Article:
This device lets you test the air pollution in your house
The air inside our homes might not be as fresh as we think. Tiny, invisible pollutants from wood smoke, household cleaners, building materials and other everyday items can put people at risk for asthma, heart disease and more.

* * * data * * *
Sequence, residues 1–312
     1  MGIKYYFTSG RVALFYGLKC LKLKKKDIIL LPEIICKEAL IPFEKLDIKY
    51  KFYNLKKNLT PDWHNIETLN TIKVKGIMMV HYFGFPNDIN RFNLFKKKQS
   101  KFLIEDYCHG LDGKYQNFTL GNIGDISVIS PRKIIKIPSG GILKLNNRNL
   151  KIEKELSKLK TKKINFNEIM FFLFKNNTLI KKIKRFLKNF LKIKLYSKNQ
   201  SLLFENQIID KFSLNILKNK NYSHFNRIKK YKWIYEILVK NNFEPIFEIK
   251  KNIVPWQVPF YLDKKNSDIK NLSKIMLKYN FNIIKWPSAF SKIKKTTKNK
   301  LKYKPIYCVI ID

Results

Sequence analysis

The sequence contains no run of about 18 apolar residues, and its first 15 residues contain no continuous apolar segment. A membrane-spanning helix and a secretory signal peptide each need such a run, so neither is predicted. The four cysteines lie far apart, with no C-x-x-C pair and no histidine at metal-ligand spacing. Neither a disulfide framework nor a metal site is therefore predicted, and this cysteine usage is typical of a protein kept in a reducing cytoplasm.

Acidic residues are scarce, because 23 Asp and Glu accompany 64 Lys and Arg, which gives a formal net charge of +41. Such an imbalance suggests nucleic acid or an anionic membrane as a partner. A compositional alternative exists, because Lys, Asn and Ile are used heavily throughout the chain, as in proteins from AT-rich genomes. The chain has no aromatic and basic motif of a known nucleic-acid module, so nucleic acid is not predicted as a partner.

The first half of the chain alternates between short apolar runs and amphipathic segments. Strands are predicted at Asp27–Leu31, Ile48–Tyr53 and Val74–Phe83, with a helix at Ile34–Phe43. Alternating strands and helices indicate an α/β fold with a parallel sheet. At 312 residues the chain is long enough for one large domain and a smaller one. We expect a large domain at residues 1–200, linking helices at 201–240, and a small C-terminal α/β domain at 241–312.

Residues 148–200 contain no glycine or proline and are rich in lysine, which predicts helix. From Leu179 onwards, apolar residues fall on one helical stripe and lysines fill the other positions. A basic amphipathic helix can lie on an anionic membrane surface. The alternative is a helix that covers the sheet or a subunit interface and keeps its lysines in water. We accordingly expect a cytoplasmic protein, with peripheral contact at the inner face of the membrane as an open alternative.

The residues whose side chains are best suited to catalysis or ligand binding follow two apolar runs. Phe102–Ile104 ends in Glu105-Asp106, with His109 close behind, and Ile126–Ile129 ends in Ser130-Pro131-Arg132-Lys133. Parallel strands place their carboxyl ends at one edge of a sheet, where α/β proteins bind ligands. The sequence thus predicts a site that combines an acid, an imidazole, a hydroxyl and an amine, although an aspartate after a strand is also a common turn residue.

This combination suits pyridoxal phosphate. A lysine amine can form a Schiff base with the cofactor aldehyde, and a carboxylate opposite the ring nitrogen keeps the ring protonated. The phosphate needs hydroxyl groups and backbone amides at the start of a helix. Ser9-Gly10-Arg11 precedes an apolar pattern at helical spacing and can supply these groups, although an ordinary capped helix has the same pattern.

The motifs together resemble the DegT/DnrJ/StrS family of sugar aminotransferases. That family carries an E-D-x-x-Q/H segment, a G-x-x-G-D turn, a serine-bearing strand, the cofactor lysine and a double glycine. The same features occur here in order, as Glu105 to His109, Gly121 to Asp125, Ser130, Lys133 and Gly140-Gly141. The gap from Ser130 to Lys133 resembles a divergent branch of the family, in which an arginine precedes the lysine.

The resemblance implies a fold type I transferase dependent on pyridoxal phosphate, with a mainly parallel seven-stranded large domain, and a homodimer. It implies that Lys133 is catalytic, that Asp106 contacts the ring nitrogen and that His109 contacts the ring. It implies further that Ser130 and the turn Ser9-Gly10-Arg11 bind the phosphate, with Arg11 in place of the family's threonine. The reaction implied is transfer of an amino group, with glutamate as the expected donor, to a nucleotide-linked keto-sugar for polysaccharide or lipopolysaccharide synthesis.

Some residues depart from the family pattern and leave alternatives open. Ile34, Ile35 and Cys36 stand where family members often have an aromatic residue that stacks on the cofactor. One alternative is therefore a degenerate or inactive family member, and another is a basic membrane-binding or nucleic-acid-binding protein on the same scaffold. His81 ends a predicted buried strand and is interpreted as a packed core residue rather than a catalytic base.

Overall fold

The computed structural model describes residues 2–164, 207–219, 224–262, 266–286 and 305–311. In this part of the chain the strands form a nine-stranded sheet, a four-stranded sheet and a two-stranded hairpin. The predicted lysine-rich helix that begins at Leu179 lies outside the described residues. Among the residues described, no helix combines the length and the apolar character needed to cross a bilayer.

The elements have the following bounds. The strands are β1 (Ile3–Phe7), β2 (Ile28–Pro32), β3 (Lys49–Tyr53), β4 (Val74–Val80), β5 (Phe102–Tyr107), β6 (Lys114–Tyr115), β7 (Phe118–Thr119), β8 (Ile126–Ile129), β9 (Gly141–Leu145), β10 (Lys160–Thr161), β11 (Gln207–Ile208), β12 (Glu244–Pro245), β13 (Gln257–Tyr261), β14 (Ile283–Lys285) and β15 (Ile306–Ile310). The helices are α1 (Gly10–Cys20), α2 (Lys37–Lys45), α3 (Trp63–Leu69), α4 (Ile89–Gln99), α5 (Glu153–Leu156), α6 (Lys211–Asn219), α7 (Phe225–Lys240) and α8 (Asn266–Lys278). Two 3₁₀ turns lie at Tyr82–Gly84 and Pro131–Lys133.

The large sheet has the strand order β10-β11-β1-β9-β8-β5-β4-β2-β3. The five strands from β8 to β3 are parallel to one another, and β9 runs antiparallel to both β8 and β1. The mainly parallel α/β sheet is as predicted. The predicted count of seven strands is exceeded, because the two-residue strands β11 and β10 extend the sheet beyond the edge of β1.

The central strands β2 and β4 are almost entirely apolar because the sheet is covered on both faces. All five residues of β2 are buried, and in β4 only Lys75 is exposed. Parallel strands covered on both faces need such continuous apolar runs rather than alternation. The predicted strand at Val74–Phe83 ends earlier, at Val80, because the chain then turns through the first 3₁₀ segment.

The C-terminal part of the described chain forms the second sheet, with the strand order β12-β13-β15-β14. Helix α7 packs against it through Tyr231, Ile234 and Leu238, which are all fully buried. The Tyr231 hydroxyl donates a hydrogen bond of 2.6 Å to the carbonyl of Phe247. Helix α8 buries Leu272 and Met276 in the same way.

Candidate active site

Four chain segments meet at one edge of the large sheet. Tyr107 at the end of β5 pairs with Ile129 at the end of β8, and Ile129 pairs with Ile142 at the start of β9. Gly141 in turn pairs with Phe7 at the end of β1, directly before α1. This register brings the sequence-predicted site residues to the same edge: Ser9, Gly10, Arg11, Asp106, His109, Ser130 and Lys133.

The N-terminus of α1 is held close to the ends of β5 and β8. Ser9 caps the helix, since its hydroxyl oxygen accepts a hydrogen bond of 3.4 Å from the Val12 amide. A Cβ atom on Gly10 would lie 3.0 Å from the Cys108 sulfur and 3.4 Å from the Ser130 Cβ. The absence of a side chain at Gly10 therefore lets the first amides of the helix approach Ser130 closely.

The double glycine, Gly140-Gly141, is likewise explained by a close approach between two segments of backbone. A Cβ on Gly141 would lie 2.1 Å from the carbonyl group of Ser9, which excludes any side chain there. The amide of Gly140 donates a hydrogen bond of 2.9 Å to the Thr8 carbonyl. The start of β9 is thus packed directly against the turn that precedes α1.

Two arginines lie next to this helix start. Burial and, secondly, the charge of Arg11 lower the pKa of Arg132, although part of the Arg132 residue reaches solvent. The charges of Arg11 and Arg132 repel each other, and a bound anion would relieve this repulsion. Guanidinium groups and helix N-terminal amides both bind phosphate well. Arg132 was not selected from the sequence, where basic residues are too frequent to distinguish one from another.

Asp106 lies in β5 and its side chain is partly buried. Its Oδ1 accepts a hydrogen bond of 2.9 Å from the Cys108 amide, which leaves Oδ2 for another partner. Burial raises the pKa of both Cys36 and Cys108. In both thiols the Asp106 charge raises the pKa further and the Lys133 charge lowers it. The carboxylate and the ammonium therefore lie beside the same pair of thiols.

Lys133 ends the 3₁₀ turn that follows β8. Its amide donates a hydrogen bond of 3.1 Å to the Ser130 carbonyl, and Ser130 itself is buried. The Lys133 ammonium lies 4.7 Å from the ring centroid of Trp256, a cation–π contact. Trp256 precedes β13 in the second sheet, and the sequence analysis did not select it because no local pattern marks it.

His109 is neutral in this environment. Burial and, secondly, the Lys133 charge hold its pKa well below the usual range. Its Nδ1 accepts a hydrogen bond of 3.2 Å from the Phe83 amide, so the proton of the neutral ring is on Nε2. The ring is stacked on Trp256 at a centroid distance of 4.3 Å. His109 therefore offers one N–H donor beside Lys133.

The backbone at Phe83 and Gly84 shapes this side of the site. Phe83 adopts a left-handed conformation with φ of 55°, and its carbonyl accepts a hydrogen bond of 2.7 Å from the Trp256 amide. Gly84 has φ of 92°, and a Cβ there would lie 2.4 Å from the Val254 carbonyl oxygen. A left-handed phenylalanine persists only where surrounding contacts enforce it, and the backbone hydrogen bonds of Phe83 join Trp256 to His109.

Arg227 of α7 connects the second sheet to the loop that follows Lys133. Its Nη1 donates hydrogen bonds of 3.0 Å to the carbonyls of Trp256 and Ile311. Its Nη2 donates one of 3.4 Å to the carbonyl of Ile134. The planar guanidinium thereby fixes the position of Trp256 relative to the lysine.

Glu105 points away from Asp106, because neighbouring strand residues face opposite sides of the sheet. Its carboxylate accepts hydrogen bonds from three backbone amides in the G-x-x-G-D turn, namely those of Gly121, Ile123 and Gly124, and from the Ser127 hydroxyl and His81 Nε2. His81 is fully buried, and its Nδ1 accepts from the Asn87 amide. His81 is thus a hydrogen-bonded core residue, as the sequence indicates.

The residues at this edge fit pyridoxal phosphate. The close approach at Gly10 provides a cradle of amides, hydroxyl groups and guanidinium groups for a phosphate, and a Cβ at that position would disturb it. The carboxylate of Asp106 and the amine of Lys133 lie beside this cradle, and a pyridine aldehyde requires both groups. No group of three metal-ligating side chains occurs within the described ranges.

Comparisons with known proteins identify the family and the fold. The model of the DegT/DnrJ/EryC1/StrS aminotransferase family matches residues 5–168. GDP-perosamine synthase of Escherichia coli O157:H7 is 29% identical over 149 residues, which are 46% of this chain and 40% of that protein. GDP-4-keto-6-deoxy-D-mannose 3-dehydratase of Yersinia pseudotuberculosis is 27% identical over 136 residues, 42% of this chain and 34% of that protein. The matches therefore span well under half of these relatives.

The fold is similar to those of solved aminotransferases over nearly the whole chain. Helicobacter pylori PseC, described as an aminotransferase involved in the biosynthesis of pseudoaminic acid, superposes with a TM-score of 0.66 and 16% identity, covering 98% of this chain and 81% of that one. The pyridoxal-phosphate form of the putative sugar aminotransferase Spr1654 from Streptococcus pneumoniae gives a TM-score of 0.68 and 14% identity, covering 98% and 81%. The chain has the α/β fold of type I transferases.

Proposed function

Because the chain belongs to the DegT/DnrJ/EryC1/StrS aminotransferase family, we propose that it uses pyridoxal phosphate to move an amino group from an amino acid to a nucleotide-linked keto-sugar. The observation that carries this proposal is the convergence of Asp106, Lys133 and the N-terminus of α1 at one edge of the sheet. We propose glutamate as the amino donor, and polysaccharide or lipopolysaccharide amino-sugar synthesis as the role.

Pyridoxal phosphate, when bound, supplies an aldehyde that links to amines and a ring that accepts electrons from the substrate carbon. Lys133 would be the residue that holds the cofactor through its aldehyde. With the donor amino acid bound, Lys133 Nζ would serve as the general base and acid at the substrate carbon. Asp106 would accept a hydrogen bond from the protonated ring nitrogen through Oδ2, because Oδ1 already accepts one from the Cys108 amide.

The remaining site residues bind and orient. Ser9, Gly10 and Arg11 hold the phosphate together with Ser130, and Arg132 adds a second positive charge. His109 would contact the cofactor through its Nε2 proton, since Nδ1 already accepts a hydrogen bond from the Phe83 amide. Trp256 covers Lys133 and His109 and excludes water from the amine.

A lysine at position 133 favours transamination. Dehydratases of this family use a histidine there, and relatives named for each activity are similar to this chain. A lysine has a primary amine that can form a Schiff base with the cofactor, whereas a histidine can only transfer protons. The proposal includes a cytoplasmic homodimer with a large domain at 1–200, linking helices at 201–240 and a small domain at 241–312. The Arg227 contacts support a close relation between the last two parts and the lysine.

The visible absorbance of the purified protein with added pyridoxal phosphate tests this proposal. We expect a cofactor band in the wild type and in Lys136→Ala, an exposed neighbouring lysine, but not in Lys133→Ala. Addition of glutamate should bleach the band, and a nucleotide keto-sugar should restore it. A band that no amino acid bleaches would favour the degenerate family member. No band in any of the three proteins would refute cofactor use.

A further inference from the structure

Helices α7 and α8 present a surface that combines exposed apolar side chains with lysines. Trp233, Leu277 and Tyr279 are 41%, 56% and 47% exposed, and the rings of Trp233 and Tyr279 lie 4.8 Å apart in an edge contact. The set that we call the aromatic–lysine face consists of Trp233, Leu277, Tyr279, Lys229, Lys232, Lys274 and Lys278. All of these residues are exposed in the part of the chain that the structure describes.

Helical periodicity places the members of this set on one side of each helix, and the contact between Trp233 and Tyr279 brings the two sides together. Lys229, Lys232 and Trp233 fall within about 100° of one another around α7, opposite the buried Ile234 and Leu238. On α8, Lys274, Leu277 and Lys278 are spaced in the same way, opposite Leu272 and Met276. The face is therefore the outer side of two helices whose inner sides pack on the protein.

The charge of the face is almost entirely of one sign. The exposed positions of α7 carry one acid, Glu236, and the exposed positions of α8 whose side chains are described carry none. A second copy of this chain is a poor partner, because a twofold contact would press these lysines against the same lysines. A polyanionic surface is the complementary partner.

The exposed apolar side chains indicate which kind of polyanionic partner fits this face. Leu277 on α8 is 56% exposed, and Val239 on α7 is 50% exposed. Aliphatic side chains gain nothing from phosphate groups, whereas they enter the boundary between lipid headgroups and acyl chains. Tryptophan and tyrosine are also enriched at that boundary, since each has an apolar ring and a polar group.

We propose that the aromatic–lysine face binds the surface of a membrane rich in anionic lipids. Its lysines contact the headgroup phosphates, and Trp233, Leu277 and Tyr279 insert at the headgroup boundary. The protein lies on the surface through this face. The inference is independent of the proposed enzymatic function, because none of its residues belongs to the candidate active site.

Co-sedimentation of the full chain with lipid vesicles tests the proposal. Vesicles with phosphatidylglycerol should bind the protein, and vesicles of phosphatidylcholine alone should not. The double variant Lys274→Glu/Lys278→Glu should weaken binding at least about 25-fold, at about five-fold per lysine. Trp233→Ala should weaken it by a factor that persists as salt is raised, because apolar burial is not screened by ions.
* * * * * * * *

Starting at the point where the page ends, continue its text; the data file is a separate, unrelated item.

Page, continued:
For people who can’t afford expensive indoor air quality monitors, detecting these particles is next to impossible. But researchers at Carnegie Mellon University have developed a new in-home sensor, called Speck, and plan to make it available to people virtually for free.